I just love the late afternoon light(s). It makes those lovely reds of a redtail and HH just POP and gleam! What a glorious sight!
    As Mia would say, life is good!

  • Marty K

    Great Blue Herons are among my very favorite birds! You have some mighty magnificent shots of this one — I love the way that warm late-in-the-day light highlights the bird against the darker sky. Sigh. 🙂

    I would say you could subtitle this post, “From the Sublime to the Ridiculous!” 😉

    Hope your “evening bird” was just as delightful — and had all the trimmings!

  • Wonderful flight shots of the heron! I especially like that dark palette the storm provided!

    Perhaps the human was trying to be “minimalist” in order to gain an appreciation for how our ancestors gathered food. In the process, he no doubt has discovered why our ancestors were constantly hungry. 🙂

  • When Laura gets to this post it will (again) reinforce her prejudices about the superiority of other species over ours. As it did mine.
    The heron is more beautiful too. That wing span, that grace – and it was exquisitely set off by the light and the backdrop.

  • Stephen Clayson

    Ron,

    Happy Holidays. Loved the shots. Nice talent for making great fowl shots in foul weather. I have also noticed over the years that you have quite the literary flare and an imagination for story telling!

    Merry, Happy, Festive, and Joyous,

    Stephen

    • Thanks, Steven. The “literary flare” you refer to (if that’s what it is) is something I’ve noticed recently about myself too. It just kind of developed naturally during my blogging career, especially over the last year or so. I’ve found that I kind of enjoy the writing process (when it works) and that’s something new for me.

  • I used to love to fish, but now the idea of catching someone in the mouth(or worse) with a sharp hook has lost its appeal. That is the dumbest looking fisherman I’ve seen…definitely a disaster hoping to happen!

  • Susan Stone

    Love the shots of the Heron – they look so prehistoric. All your talk about what great fishermen they are reminded me of a time when we were at Dana Point, California where there were some fishing boats. Apparently the owner of one forgot to put the cover on his bait tank, and a Heron and a Cattle Egret found it. The Heron was eating fish while the Egret watched, with a glaring expression. During the relatively short time we were watching, the Heron ate so much, I found myself wondering if it would be able to fly afterwards… Given how clumsy they look when they are taking off, that large load of fish would have made it very difficult. We weren’t there long enough to see what the Heron ended up doing, but it’s an experience that I will probably never forget. That bird gave new meaning to being a great fisherman.

  • Nancy Stocker

    My concern about this fisherman, and fisher-people in general, is that all the line he brought with him went home with him or into an appropriate disposal site. I have seen birds, apparently strangled in mid-flight, hanging from fishline that got tangled in and between trees. I’ve seen water birds with their legs or necks tangled in fishline, and a pelican with a hook in his beak. I once even found myself tangled in fishline when crouched near a lake photographing hooded mergansers. I was at the bottom of a steep bank, and it took me quite a while to keep my camera, long lens and tripod safe while escaping the fishline, and then scramble up the bank.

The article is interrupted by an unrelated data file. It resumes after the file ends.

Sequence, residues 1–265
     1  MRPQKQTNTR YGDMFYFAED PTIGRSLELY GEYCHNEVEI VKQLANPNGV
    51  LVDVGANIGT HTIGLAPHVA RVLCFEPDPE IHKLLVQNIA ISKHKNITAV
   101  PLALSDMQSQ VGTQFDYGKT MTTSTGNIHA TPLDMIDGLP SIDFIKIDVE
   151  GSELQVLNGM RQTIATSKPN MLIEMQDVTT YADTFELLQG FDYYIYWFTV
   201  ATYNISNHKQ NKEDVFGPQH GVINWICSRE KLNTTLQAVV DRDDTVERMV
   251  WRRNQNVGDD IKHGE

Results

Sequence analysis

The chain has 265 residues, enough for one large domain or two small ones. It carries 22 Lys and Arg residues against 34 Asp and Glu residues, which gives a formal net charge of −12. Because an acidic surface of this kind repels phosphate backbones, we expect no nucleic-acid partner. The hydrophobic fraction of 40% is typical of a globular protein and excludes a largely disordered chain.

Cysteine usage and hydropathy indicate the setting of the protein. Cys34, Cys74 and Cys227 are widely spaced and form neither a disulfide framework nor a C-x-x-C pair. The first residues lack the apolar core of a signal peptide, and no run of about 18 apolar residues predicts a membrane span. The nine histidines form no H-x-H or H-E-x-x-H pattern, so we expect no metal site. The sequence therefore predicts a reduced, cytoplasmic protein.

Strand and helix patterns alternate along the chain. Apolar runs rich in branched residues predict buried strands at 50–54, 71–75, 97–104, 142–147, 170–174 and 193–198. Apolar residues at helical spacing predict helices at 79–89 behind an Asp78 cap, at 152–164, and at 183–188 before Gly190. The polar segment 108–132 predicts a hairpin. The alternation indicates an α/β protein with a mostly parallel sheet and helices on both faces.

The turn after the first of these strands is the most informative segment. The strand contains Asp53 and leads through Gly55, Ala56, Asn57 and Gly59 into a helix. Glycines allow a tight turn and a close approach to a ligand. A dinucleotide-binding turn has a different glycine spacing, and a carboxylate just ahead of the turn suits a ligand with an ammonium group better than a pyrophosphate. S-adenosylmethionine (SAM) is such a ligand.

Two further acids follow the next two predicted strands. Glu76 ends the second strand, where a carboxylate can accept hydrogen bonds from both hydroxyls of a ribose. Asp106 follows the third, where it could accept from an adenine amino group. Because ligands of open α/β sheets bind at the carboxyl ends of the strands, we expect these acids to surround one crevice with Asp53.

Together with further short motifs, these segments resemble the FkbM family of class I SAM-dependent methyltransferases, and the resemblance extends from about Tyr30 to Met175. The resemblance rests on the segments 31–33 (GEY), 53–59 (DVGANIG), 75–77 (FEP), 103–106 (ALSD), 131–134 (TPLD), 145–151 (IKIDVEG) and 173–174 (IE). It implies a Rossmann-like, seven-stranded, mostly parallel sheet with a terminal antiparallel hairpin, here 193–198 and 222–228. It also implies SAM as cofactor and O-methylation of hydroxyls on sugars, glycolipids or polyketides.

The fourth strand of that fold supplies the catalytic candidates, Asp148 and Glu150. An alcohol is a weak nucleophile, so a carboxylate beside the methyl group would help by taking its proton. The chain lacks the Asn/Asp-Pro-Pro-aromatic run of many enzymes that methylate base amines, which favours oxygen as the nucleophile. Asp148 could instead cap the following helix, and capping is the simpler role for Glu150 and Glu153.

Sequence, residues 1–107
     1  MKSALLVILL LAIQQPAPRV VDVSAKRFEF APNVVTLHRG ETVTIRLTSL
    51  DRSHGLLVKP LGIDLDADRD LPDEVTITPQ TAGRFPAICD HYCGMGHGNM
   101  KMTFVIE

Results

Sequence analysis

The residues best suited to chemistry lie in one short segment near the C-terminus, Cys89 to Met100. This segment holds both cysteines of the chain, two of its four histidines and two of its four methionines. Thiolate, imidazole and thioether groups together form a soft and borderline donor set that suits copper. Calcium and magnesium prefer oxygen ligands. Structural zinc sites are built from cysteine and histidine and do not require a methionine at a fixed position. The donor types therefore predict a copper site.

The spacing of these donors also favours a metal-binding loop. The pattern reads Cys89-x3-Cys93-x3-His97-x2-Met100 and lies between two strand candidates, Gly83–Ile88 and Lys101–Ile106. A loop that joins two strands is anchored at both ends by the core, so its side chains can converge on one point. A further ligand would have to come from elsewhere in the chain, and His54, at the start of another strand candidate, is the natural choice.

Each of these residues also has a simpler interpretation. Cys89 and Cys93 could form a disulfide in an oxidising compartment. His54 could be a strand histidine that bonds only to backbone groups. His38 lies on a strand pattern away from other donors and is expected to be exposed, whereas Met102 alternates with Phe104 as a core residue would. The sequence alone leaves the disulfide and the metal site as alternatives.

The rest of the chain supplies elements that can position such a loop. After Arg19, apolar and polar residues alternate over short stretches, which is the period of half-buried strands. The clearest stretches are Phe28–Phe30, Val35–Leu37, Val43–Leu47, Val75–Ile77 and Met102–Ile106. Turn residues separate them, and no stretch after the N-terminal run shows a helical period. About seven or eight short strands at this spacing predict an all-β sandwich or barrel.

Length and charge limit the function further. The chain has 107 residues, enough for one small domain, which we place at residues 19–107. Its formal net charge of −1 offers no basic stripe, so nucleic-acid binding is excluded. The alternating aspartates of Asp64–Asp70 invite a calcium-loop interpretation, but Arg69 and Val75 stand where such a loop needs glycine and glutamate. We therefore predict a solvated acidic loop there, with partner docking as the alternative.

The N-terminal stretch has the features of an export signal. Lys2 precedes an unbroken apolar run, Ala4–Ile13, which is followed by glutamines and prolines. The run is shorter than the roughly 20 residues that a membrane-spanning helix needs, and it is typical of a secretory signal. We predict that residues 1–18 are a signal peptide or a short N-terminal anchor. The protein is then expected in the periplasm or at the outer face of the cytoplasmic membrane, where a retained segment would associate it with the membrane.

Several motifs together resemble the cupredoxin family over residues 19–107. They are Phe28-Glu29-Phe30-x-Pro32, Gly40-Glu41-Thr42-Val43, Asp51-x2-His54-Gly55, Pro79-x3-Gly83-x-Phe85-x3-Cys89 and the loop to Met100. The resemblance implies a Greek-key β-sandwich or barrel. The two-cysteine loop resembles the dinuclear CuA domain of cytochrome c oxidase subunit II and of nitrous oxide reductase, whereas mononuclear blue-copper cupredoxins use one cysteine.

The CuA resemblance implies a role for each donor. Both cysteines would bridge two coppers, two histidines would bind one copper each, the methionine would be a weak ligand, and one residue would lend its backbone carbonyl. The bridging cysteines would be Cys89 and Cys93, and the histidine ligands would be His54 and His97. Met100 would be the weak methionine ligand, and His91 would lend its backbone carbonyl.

Fishing can be great sport. Done carefully, it is certainly not a negative. I don’t think we take the time to explain to many beginners, however, how much they can hurt other species if they are careless.

    • Nancy, I agree – monofilament line used by bait and lure fishermen is a huge problem for birds and other wildlife and too many fishermen leave that line all over the place at popular fishing spots.

      However, this is fly line – very different stuff. And in my experience fly fishermen in general are much more environmentally aware and seldom leave line behind. In my own experience of many hundreds of sightings of discarded fishing line I’ve yet to see discarded or abandoned fly line . For one thing it’s quite expensive.

      This fellow took all of his line with him.

  • Dick Harlow

    LOL – OK, you had me fooled! I thought when I saw the Heron that you had another bird that wasn’t so good at fishing. LO and Behold, a human w/o a reel on a fishing rod. Man, I was just taking a sip of coffee and almost spat it out I was laughing so hard when I clicked on the “not so much”. I’m still chuckling over this post!
    Great clear sharp shots of the Heron. I’ll remember this post!!

    • “I’ll remember this post!!

      Good! I’m glad you had some fun with it, Dick.

      • Dick Harlow

        Partly because I use to do a ton of fishing when I was younger and I never heard of fishing without a reel. So this guy who is all tangled up in line is so unusual and humorous to me.
        14 degrees this AM w/10″ of snow and some ice. But, it is sunny and beautiful out – no wind yet!

  • James Waghorne

    And this is why the stories about “the big one that got away” were created.
    Fisherman fiction was so much more interesting and less embarrassing than truth.
    I personally know first hand.
    Life has become so much simpler with a camera.

  • Dominique Gusset

    Spectacular heron shots! I love that razor-straight leading edge of both wings on the last shot.
    Re. the human fisher, I was thinking that the other thing that could have gone wrong for him was if he had actually hooked a fish! How would he have played it and reeled it in?

  • Judy Gusick

    BEAUTIFUL heron shots, Ron. 🙂 The other guy – welllllllll hope his circumstances improve tho it is funny and he did try to “make do”. Must have gotten your dinner preparations done since you were able to go back out later! 🙂 -15 here this morning……………….

    • Judy, I actually went down to the pond and shot for a while then returned to my home to put the turkey in the oven and then went back down there again and shot some more. I do have my priorities… 🙂

      Brrrrr! It’s 35° warmer than that here about 500 miles to the south of you.